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Culture, history and society

Nicholas Walmsley (1968–2019)

Dr Nicholas Walmsley died peacefully in Southampton hospital on 25 November 2019.

Dr Walmsley

We are deeply saddened to report the passing of Nicholas (Nick) Simon Walmsley, BSc PhD CPhys MInstP CMath MIMA, a greatly respected friend and colleague who died from cancer in November 2019.

Throughout his life Nick, who had cerebral palsy, used sheer determination and positivity to find solutions to whatever obstacles he faced. Growing up in Lancashire, he was the hero of Mere Oaks School in Wigan, achieving some of their best ever O-level results, and from there he made the big step of moving out of specialist schooling to attend Runshaw College in Leyland.

Nick subsequently achieved a first class BSc (Honours) in mathematics with computing from the University of Central Lancashire, before staying on to complete a PhD in 1995 – studying stray field images of micromagnetic systems. Five years of postdoctoral research in the field followed at the universities of Keele, Bangor, and Durham.

In 2001 he made a career move into operational research (OR), joining what became the Defence and Security Analysis Division of the UK government’s Defence Science and Technology Laboratory (Dstl), at the time based at Fort Halstead in Kent. OR, being the science of better decision making, is widely used by the Ministry of Defence (MOD) to advise on policy, on current operations, and to help procure the best defence equipment. Dstl employs mathematicians, scientists and engineers to undertake OR studies, with Nick’s work focused on command, control and communications, sensors for the land environment and on future armoured vehicles.

In his career at Dstl, Nick wrote more than 60 technical reports for the MOD and represented Dstl and the MOD at international conferences where he was in his element: interesting papers to hear, interesting people to discuss maths with and interesting new beers to sample in the bar in the evenings.

He became a chartered physicist with the Institute of Physics and a chartered mathematician with the Institute of Mathematics and its Applications and took great interest in developing and mentoring junior staff. Since its inception, Nick was also actively engaged with Dstl’s disability support group known as EnableD – leading the mobility and dexterity subgroup and helping organisational leaders to develop their understanding of disability.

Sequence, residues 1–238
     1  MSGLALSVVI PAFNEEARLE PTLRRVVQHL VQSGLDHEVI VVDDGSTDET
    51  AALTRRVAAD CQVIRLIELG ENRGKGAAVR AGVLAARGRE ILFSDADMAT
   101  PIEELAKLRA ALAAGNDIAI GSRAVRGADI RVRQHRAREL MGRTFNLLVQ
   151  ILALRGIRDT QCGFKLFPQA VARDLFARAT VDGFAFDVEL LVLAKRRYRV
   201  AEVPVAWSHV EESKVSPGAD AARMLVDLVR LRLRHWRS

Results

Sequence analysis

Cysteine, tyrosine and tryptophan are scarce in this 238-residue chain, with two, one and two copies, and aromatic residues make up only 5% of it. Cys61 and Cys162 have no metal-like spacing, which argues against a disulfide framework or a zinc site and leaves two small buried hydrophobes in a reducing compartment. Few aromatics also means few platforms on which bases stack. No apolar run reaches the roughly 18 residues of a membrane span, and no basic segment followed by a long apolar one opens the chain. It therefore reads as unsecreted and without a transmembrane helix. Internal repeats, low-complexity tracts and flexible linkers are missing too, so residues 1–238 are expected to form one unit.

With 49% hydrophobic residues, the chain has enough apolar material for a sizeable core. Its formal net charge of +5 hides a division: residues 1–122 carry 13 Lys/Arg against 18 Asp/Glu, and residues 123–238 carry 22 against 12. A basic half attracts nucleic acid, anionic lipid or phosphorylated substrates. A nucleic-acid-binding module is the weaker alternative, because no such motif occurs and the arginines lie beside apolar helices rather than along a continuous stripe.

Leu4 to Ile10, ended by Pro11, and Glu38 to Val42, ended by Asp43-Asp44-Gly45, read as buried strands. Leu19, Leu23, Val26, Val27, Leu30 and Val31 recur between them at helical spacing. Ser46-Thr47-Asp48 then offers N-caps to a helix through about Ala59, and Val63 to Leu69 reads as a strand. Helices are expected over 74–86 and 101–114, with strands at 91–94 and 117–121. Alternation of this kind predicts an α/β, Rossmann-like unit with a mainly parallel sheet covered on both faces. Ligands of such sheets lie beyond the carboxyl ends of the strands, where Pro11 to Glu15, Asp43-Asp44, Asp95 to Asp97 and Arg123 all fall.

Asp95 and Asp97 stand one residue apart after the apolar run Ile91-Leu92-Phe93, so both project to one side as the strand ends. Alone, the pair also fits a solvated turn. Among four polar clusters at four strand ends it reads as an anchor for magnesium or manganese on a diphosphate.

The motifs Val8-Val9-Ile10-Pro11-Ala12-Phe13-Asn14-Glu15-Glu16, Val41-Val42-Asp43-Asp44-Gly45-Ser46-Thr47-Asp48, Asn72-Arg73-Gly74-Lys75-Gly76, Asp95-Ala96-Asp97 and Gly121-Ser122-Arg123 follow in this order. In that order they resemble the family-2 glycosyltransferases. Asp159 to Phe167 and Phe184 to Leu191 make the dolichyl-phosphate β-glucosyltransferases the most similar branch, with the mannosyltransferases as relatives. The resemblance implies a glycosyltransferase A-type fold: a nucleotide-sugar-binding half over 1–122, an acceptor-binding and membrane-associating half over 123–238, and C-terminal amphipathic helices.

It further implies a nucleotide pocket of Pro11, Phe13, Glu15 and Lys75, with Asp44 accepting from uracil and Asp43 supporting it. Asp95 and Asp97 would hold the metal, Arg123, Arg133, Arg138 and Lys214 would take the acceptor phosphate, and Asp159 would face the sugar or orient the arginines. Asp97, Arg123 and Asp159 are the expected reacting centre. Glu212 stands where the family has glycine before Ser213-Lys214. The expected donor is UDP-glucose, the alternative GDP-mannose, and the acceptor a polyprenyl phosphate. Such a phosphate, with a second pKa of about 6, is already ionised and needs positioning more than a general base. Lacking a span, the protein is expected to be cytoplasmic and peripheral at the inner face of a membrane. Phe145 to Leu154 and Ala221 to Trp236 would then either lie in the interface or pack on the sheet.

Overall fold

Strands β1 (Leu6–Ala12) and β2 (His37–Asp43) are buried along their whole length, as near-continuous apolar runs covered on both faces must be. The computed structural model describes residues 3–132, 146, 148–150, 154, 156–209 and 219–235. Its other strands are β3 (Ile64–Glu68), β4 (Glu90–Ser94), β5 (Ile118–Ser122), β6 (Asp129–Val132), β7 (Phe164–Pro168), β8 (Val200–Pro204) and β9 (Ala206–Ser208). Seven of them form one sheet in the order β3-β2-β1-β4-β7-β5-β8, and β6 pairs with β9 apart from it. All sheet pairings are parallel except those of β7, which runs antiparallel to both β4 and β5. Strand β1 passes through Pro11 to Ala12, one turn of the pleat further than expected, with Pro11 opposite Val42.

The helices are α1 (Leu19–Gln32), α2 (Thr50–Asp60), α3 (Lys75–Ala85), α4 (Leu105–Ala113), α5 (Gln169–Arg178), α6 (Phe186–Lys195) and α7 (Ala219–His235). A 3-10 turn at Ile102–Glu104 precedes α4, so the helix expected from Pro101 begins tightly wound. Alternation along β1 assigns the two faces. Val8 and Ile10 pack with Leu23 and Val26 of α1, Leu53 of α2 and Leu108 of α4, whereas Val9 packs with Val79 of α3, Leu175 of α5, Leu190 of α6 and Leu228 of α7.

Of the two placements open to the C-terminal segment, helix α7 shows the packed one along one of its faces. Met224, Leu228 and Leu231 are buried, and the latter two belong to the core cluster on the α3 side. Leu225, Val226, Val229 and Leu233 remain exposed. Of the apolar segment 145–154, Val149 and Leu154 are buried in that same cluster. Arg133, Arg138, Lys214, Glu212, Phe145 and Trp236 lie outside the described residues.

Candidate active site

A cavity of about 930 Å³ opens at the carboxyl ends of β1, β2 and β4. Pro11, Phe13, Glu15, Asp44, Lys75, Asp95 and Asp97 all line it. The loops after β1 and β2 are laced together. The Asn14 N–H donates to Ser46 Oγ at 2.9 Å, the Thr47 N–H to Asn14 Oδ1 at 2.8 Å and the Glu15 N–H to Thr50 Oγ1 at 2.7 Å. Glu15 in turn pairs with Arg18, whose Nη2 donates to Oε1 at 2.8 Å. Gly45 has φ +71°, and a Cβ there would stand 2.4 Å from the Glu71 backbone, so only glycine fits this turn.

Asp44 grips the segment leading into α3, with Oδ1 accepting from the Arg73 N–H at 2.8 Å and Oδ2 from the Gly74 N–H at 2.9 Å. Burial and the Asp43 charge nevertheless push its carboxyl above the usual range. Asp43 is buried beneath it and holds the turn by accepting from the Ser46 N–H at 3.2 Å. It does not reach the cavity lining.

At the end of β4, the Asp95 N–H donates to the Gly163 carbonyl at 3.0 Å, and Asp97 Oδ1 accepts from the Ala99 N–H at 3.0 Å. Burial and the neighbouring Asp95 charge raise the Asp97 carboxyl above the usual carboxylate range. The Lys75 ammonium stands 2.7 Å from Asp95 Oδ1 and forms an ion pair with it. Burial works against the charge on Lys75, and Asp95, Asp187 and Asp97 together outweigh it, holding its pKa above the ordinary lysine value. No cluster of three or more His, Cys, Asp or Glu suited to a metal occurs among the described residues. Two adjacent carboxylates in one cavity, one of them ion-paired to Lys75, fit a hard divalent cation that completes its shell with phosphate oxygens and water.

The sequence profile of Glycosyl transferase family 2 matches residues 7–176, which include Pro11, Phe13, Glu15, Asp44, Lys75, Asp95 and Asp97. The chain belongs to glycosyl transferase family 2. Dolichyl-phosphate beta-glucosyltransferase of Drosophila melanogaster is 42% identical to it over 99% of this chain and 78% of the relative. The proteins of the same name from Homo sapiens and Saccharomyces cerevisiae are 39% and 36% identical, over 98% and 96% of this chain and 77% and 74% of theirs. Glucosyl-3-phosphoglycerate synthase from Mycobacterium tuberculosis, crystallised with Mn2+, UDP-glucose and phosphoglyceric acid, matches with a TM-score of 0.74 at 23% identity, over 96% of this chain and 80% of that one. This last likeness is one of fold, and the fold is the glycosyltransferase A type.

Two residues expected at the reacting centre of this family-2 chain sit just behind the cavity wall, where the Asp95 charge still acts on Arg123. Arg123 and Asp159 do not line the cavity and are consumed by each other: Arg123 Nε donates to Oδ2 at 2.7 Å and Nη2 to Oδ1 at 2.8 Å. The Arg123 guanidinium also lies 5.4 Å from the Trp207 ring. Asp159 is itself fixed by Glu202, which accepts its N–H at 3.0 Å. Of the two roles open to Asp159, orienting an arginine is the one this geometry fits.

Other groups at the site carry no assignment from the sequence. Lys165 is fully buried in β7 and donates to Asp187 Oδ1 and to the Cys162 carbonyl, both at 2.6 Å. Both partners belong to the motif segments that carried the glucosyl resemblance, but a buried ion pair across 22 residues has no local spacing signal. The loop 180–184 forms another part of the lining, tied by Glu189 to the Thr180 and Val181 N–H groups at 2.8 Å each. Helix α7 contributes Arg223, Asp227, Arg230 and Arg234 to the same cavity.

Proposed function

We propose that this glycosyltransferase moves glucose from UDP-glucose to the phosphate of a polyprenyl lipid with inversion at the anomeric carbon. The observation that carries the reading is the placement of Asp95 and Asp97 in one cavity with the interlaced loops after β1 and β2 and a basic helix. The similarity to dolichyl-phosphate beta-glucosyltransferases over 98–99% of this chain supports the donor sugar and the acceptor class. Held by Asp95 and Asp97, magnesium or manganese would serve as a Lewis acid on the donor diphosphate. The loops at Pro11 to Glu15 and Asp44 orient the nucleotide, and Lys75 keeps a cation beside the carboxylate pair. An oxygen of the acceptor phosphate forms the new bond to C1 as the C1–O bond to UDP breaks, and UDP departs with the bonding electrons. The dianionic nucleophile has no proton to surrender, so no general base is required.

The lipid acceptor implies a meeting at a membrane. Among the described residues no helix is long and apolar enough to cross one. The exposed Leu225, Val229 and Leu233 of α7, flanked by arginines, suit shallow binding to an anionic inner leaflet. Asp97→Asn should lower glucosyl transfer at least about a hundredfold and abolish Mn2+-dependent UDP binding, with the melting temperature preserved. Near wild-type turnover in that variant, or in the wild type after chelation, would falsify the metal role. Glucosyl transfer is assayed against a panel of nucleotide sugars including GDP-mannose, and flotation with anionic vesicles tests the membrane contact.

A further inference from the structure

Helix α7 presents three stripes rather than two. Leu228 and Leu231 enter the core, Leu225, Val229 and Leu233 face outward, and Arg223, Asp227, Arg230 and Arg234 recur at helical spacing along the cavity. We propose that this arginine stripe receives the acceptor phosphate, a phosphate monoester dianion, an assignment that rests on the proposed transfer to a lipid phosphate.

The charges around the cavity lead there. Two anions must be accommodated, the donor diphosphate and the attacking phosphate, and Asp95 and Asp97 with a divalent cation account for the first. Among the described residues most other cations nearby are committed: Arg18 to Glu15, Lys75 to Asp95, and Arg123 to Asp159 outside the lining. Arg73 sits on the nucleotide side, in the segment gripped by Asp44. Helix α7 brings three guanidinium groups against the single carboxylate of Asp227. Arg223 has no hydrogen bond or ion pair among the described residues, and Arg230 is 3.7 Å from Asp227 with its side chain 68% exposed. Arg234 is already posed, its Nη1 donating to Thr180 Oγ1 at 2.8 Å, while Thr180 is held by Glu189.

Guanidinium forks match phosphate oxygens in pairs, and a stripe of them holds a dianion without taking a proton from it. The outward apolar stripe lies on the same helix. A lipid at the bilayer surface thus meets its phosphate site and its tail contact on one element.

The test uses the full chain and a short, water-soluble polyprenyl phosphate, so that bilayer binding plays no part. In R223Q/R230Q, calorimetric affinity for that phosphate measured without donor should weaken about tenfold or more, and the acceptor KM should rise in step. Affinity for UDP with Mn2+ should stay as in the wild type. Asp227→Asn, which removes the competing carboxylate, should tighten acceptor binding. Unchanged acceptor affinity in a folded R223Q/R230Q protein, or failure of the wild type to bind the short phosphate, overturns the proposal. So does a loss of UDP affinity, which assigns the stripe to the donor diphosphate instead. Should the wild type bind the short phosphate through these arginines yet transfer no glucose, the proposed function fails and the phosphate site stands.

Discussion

Outside work Nick had a deep passion for football, supporting Preston North End, and also for heavy rock music. A defining moment in his life was his attendance at the Castle Donington ‘Monsters of Rock’ festival in August 1984, and he went on to attend over 700 rock concerts over the next 35 years. Nick also enjoyed road trips around the country to visit friends and driving back home (near Preston) to see his family and ‘refresh his northern accent’.

However, despite all his many achievements in education, work and life, Nick remained incredibly humble, saying how lucky he was to find himself living in an apartment in Gunwharf Quays, on the seafront in Portsmouth, which he described as like living in Monte Carlo.

For all his great achievements, it’s who Nick was as a person that will be remembered most. He was a colourful and irrepressible character: straight-talking, supportive, loyal, generous and funny, but also fiendishly clever. He never moaned about his disability, but dealt with it with his usual stoicism mixed with a charming self-deprecating sense of humour.

Nick was unique, he was like a force of nature, and his sudden passing before his time has led to immense grief. But there is comfort from the quote that ‘It’s not the years in your life that count, it’s the amount of life you had in those years’, and Nick very much lived life to the full.

Rest in peace Nick – but keep on rockin’!

Remembered by the friends and colleagues of Dr Walmsley.